What is Digital Abuse?

behindthescreens-harassmentThis is the first post in a series we’re planning called Behind the Screens, which will explore issues related to online behaviors and digital abuse.

The prevalence of digital abuse has been gaining traction in the media lately, and our advocates frequently field questions from callers and chatters about it. Still, many people don’t know what constitutes digital abuse and are not able to recognize the signs. It is especially common among young people who are typically using technology in almost every aspect of their lives, but anyone can be a victim of digital abuse.

Digital abuse is the use of technologies such as texting and social networking to bully, harass, stalk or intimidate a partner. In most cases, this type of abuse is emotional and/or verbal and though it is perpetuated online, it has a strong impact on a victim’s real life. According to advocates at loveisrespect, your partner may be digitally abusing you if he or she:

  • Tells you who you can or can’t be friends with on Facebook and other sites
  • Sends negative, insulting or even threatening emails, Facebook messages, tweets, DMs or other messages online
  • Uses sites like Facebook, Twitter, foursquare and others to keep constant tabs on you
  • Puts you down in their status updates
  • Sends unwanted, explicit pictures and demands you send some in return
  • Pressures you to send explicit video
  • Steals or insists to be given your passwords
  • Constantly texts you and makes you feel like you can’t be separated from your phone for fear that you will be punished
  • Looks through your phone frequently, checks up on your pictures, texts and outgoing calls
  • Tags you unkindly in pictures on Instagram, Tumblr, etc.

Digital abuse, like other forms of abuse, is an attempt to control a partner’s actions. As part of maintaining a healthy relationship, we recommend that partners create a digital contract that outlines what is and is not acceptable behavior online. Additionally, it’s important to know and exercise your “digital rights”:

  • You have the right to turn off your phone and spend time with friends and family without your partner getting angry
  • You have the right to say no to sexting, or sending pictures or information digitally to your partner that you are not comfortable with
  • You have the right to keep your logins and passwords private
  • You have the right to control your own privacy settings on social networking sites
  • You have the right to feel safe and respected in your relationship, online or off

Exercising these rights and feeling safe are important aspects of every healthy relationship. If you have questions about digital abuse, call the hotline 24/7 or chat with an advocate here on the website Monday through Friday from 9am-7pm CST.

5 replies
  1. karina says:

    Necesito ayuda pensaba que lo que me paso y sigue pasando no era violencia doméstica pero si lo es mi es esposo me sigue asiendo daño con no dejar que mis hijos viajen a los Estados unidos me trajo con engaños para que yo vuelva con el y que traía a los niños y no lo hizo porq yo no quiero seguir con el necesito ayuda por favor soy una madre desesperada que paso por Muchas cosas cuando era pequeña y no quiero que mis hijos sufran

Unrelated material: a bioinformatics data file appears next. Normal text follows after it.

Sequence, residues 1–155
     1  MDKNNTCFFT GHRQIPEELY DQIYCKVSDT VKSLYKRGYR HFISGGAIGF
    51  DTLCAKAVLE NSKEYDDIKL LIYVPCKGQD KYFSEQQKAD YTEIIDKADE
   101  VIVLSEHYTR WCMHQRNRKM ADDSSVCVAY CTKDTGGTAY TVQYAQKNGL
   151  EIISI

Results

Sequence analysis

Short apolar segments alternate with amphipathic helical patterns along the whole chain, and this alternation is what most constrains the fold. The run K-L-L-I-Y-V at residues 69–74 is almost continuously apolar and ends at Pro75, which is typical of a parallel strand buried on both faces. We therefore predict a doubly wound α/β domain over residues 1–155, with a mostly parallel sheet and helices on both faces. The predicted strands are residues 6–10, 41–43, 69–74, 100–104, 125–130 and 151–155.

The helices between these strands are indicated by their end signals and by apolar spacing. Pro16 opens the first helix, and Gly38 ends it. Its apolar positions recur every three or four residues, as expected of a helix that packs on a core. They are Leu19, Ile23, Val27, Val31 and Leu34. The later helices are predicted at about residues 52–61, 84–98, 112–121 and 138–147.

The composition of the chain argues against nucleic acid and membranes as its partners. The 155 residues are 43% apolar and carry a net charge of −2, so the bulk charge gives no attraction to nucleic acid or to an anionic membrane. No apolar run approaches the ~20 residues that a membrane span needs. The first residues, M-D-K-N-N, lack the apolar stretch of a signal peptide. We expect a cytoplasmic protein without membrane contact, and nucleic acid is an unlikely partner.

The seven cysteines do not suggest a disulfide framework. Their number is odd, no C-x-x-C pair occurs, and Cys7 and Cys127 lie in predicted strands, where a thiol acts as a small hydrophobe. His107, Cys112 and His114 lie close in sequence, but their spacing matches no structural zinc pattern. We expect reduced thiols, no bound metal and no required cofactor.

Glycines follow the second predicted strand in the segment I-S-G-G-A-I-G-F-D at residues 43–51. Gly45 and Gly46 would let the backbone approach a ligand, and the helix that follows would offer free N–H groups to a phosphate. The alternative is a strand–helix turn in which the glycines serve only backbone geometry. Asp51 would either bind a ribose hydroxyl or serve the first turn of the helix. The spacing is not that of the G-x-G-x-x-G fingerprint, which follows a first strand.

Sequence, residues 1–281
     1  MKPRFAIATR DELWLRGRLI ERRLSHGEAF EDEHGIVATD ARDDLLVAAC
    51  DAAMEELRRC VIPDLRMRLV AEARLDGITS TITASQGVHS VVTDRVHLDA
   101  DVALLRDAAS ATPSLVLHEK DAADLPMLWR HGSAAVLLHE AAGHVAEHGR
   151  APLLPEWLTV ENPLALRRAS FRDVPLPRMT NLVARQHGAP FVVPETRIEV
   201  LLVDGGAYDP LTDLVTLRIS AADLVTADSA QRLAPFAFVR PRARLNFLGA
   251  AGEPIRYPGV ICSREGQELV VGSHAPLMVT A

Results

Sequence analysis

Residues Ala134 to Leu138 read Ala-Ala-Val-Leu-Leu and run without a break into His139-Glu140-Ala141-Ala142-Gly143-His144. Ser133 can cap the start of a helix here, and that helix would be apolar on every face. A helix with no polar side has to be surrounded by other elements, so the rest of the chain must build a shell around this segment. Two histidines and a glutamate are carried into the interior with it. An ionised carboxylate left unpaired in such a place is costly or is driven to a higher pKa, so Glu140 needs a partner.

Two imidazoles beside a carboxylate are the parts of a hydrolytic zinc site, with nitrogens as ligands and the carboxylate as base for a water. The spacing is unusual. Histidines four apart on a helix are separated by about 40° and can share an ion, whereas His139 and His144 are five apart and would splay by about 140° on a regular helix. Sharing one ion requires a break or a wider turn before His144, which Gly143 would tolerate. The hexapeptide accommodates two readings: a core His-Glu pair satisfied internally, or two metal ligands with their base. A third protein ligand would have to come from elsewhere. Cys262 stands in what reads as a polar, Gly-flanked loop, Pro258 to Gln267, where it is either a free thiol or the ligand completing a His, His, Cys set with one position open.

• HotlineAdmin_SG says:


      Gracias por informarnos de su situacion. Se oye que es una situacion muy dificil. Desafortunadamente, sabemos que las personas abusivas usan diferentes maneras de control a su pareja, aunque ya se ha terminado la relacion. En este caso, su ex esposo esta usando a sus hijos para obtener el control. El sabe que usted quiere estar con sus hijos y va usar eso contra usted. Tiene cada derecho de decidir si quiere seguir en la relacion y no es gusto que el esta tratando de controlar esa decision. Se oye que es una situacion muy complicada, pero no tiene que pasar por esto sola. Si gusta hablar con alguien sobre sus opciones o buscar apoyo en su area, nos puede llamar a la Linea Nacional Sobre Violencia Domestica, 1800-799-7233. Su llamada es completamente anonima y la linea se contesta 24 horas al dia en ingles y espanol.

      Gracias, y ojala que nos pueda llamar.


  2. Bewildered says:

    Is it possible to rape someone via the internet? I understand that you can sexually harass someone by sending the unwanted images, texts, etc. I can also understand that receiving this kind of material could make a personal feel violated, and that is a valid thing they have to deal with. But like you said here, people can turn off phones and chat programs. They can walk away. I don’t understand how accusations of digital rape are possible, yet I see these kind of accusations being made on the internet. Can you explain this to me?

    • HotlineAdmin_SG says:


      Thank you so much for reaching out to our blog community. Abuse is such a complex situation and people who are abusive find so many different tactics to maintain power and control over their partners, as the post has described. Staying off of social media and turning off your phone are some helpful strategies to feel safe but we know that it can also be dangerous if someone completely walks away from their online life. Many times, the only way a person can reach out to their support system is through technology. I am not familiar with the term, digital rape. It is not something we are trained to address, but we know that there are different definitions of rape.

      If you have any more questions about this, I encourage you to give us, the National Domestic Violence Hotline, a call at 1800-799-7233. Advocates are available 24/7 and your call is completely anonymous and confidential.


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